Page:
Darker Shades of Elise
Darker Shades of Elise Film Review
The bored housewife embarking on an affair has always been a staple of erotic thrillers from DTV classics such as Animal Instincts (1992) and Secret Games (1992) to more mainstream fare like Unfaithful (2002) – these sexually frustrated women, tired of being ignored by their workaholic husbands decide to go out and have some fun. Not merely being erotic films, the thriller element kicked in when the leading ladies found themselves out of their depth and their fooling around came back to bite them.
Taking inspiration from such predecessors, 2017’s British production, Darker Shades of Elise finds Becky Fletcher’s title character beginning a torrid affair with a photographer, Felix (Arron Blake), after she strongly suspects that her husband (Tommy Vilés) is also cheating. What begins as a kinky fling beginning with simple transgressions such as making love whilst Elise’s husband is in the next room, spirals out of control as Felix starts bringing strangers home to join them in bed. It’s these scenes that carry the most eroticism as we see Elise experiment under the watchful eye of her voyeuristic lover.
Not all good things last however and after attempting to break things off, Elise finds herself being stalked and threatened by a vengeful man who is completely obsessed with her. It may all sound cliche, but let’s be honest, there hasn’t been a good erotic thriller in a long time, let alone one from the UK of such high production values and nicely plotted eroticism – the movie also doesn’t hold back its punches and one particular scene of Felix punishing Elise for having left him is gruelling to watch and really showcases his villainous side.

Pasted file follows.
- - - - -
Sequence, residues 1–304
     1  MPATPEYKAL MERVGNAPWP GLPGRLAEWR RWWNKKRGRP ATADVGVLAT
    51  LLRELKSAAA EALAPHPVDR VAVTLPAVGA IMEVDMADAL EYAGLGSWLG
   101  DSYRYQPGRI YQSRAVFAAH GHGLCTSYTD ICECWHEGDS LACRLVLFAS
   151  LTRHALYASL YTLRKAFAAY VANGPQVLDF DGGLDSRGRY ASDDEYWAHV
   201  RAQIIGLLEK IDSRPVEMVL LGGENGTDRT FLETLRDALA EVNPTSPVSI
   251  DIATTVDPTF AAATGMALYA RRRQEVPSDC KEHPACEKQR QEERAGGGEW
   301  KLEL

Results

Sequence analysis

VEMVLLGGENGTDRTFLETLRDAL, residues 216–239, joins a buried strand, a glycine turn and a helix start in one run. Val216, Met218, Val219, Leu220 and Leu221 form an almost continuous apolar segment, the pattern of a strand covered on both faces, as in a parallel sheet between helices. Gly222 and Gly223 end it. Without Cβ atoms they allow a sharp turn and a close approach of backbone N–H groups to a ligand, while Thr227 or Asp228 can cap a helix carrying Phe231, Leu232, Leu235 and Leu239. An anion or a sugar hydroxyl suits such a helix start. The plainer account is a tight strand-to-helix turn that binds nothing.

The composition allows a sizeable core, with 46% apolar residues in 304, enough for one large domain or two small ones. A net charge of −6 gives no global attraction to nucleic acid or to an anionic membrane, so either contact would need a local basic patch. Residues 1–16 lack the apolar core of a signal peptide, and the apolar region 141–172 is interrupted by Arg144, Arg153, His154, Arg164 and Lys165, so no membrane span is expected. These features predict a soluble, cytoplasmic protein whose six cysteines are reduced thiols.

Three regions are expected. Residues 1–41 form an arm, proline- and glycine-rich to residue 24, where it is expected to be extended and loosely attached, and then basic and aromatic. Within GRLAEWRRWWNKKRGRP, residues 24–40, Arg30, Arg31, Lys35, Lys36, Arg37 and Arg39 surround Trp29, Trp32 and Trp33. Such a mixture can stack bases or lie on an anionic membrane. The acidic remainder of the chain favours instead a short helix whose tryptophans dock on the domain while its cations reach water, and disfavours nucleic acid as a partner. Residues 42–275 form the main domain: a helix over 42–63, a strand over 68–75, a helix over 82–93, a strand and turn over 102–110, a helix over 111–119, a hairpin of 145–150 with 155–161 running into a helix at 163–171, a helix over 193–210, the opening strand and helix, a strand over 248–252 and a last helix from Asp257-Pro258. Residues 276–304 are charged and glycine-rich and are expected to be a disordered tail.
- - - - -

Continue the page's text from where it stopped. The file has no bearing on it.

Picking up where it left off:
None of it of course would be half as good if it weren’t for the central performance of Becky Fletcher who as Elise brings both an air of lust and innocence to her performance – this actress has got a bright future ahead of her and I’m not surprised that she will be appearing in all upcoming movies from Proportion Productions, the makers behind this title. The supporting actors (with the exception of Arron Blake) give mixed performances, some trip over their lines of dialogue whereas others don’t seem so confident behind the camera, the editing could definitely have been a bit tighter here as these small mistakes do let down the rest of the production.
Genre fans tuning in for the sex scenes can delight in the fact that Darker Shades of Elise does feature a fair number of them, complete with obligatory nudity, all tastefully filmed, unlike love scenes found in fellow erotic films that outstay their welcome. Ignore its title, this isn’t a clone of the successful Fifty Shades of Grey franchise, it is however a new entry in a genre which is at the point of extinction and any title that attempts to resuscitate the erotic thriller, is worth supporting. That or if you just want to see some hanky panky, you could do a lot worse than Darker Shades of Elise.